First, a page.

Celestial Lands The Religious Crossroads of Politics, Power, and Theology

The Danger of Progress as a Source of Meaning

In a conversation with a fellow seminarian who had read my article “Why I’m not a progressive”, it became clear to me that though I laid out the reasons why I call myself a Liberal and not a progressive, I did not highlight what problem I have with the word progressive, and this might be confusing to some. Nor did I say where I do find my source of meaning, if not progress. While one person who responded to that article stated that there has always been a clear distinction between the two in their mind, I believe such a distinction is not the norm. I think the two have become dangerously entangled.

Before I go any further, let me first state that I am not stating opposition to most of what Progressives stand for as far as policies and programs. I am not saying that I do not support or will not work for such “progressive” ideas and policies as single payer healthcare, or strengthened corporate regulation, or sound environmental policies, or expansion of civil rights protection or strengthening the Geneva Conventions. I do believe in all of this, and more. If it were just about the policies and programs, then I might be willing to be called a “progressive”. But it is not about the policies and programs… not at all. For my support of such programs and policies you can call me a liberal Democrat (and that is a move for me, as some of you know).

Behind the policies and programs, there is a worldview that is being promoted by the word Progressive, and it is a worldview I do not agree with ethically, theologically, culturally, or morally. I believe it is historically inaccurate and overly simplistic. I am concerned enough about it in the political realm, but when I see that word being connected to Unitarian Universalism or being used to replace Liberal in Liberal Faith or Liberal Christianity, I am dismayed. Indeed there may be such a thing as Progressive Religion… it is just not a religious faith that I hold to.

I will also admit that there are some aspects to my developing theological system that do still have progressive edges… I am a product of a western culture that is steeped in the myth of progress, and I am still working to disentangle myself from it. Some of that work of disentanglement was the original impetus for this line of thought and series of articles.

There are some inherent assumptions, theological premises, and value statements that are made when we place such an emphasis on “progress” that we make it a part of the primary descriptor of who we are, be it in politics, in religion, or in life. I believe much of the current thought around progressivism glosses over those assumptions, and that the majority of people who call themselves progressive have not deeply encountered those assumptions. I mean, who does not want “progress”? As I said before, it’s great marketing.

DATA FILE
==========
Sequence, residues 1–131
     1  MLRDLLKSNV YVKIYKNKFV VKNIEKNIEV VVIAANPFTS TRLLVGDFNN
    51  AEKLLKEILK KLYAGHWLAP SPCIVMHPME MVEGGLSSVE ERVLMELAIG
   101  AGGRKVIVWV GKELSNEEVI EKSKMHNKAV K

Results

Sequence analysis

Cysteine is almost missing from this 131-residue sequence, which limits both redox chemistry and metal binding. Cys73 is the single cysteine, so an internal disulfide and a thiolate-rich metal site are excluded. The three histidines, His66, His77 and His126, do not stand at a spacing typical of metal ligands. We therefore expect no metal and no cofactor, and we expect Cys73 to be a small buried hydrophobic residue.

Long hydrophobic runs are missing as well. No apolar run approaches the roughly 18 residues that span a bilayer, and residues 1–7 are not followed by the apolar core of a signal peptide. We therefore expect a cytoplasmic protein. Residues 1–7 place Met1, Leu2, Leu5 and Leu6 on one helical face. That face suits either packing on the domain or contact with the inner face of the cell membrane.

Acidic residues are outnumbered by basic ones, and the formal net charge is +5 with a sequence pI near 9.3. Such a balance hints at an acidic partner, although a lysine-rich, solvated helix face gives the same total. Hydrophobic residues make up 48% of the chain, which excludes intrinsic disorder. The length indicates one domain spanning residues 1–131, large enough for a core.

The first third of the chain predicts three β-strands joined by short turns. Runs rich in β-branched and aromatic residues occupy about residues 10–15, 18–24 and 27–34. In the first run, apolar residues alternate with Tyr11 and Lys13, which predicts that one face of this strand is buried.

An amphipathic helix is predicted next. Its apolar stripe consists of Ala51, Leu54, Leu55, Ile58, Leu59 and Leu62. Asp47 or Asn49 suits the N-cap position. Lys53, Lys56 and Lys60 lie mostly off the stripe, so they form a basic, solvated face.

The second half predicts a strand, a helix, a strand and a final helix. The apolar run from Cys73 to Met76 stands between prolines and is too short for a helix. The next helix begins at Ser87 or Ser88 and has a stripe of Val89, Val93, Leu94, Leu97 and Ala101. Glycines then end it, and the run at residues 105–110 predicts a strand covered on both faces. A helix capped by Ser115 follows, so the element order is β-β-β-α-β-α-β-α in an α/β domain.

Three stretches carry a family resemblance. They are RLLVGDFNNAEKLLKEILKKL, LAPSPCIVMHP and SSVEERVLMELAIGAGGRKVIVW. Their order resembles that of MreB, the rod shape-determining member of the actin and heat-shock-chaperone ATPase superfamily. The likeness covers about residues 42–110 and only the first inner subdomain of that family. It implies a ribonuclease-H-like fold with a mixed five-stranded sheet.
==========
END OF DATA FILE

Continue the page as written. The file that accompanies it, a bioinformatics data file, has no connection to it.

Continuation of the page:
I am going to write first about my concerns with religious progressivism. I will write a second article focusing on my concerns with political progressivism, and I hope this first article will serve as a base for the second. Later, I will write a third article on the personal dangers of claiming a self-identity based in progressivism.

First, some theology. There is much that I disagree with Reinhold Niebuhr about, but one theological concept I think he has nailed is the danger of building a theological system that depends upon the fulfillment of a source of meaning within history. Human beings are notoriously impatient. Even in a theological system that seeks a telos, or a final end to occur both within and beyond history, there are still billions of Christians convinced in every generation since the death of Jesus of Nazareth that their generation would see the end of days. This trend is also true among some adherents of Judaism, of Islam, and of some forms of Buddhism as well as other faiths.

How much more true is this impatience then in a theological system which finds its meaning either primarily or solely within history? I cannot count the number of questions I have received from parishioners that circle around this issue. What meaning does our faith have, when nothing ever seems to change? How do you keep from becoming disillusioned when the “progress” you thought you saw on a point spawns a series of collateral complications? How do you keep your faith when the congregation again fails to live up to its ideals? If we don’t have right relationship here at our church, how can we expect anyone else to? Such conversations almost always end up to this very deep and simple question… What’s the point? The answer that I usually give is that you have to let go of the results and simply do the work, live the faith… but that answer is rarely satisfactory.

Progress is a fickle, trickster God…